A joint announcement from the U.S. Departments of Labor, Treasury, and Health and Human Services says the final regulations will be published in the February 24 edition of the Federal Register.
“This is a common-sense measure that helps workers access employer-sponsored health insurance while providing employers flexibility,” says Phyllis Borzi, Assistant Secretary of Labor for Employee Benefits Security.
In compliance with the Patient Protection and Affordable Care Act (or ACA), the regulations require that no group health plan or group health insurance issuer may impose a waiting period that exceeds 90 days after an employee is otherwise eligible for coverage. The rules do not require coverage be offered to any particular individual or class of individuals.
To ensure that eligibility conditions based solely on the passage of time are not used to evade the waiting period limit, the regulations say that such conditions also cannot exceed 90 days. Other conditions for eligibility are generally permissible, such as meeting certain sales goals, earning a certain level of commission, or successfully completing an orientation period.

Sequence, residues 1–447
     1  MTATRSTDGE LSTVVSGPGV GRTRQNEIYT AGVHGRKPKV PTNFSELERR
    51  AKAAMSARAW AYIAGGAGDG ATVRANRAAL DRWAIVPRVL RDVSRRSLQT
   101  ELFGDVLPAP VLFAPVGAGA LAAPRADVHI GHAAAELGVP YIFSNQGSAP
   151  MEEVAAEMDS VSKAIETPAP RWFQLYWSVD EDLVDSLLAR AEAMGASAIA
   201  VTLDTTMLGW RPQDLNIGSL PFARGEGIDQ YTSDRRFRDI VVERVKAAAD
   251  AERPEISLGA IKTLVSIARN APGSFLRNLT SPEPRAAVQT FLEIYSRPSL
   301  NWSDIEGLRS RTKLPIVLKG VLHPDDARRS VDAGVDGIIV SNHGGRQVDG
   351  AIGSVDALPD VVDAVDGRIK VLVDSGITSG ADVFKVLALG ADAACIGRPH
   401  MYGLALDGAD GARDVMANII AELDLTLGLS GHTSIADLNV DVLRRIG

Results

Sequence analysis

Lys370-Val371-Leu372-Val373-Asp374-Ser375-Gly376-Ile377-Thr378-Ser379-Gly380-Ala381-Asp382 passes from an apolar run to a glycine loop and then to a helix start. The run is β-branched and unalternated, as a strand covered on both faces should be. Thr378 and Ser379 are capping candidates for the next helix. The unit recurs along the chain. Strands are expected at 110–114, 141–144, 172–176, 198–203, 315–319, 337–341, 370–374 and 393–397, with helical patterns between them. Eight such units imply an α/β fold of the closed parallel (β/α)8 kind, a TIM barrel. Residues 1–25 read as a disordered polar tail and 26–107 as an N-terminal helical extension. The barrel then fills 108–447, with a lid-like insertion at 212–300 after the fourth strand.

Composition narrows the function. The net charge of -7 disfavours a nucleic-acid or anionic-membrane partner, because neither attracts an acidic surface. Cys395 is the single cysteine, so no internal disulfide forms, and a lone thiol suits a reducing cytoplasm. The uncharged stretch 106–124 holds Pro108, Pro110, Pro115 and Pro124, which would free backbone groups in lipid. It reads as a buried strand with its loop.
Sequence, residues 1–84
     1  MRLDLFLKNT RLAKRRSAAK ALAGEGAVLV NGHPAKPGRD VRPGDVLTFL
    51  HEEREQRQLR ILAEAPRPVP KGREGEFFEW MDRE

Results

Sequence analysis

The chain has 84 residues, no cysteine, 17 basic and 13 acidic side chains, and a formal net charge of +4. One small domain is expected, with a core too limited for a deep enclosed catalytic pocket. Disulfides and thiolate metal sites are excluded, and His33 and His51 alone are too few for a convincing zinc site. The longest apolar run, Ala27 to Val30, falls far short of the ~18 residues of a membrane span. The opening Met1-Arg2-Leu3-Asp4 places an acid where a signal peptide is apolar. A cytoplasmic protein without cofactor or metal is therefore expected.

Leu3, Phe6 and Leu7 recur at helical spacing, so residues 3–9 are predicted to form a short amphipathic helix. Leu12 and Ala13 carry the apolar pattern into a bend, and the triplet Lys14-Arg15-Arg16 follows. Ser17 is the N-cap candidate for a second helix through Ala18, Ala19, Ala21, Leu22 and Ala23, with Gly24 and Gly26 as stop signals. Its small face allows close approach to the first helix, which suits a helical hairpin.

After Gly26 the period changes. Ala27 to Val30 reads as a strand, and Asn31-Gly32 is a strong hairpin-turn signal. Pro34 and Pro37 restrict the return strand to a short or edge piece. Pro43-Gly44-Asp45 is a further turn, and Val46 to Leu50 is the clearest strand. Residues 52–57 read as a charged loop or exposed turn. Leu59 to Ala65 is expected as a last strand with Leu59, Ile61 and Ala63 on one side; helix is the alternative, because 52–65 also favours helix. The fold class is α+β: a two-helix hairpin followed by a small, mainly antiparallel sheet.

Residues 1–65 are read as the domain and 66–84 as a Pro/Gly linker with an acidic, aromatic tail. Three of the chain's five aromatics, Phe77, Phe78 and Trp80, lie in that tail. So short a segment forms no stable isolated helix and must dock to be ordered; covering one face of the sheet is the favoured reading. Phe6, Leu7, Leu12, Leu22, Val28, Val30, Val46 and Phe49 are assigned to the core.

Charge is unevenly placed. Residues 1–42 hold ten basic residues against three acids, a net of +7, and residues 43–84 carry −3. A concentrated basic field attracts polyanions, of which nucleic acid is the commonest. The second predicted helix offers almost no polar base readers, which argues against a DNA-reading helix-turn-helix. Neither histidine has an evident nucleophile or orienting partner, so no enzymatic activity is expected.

Additionally, requiring employees to complete a certain number of hours before becoming eligible for coverage is generally allowed as long as the requirement is capped at 1,200 hours. The regulations also address situations in which it cannot be determined that a new employee will be working full time.
The aforementioned federal agencies are also issuing a companion proposed rule, which would limit the maximum duration of an otherwise permissible orientation period to one month. This proposal will be open for public comment. It can be downloaded here.
The text of the companion proposed rule will also be available in the February 24 edition of the Federal Register.
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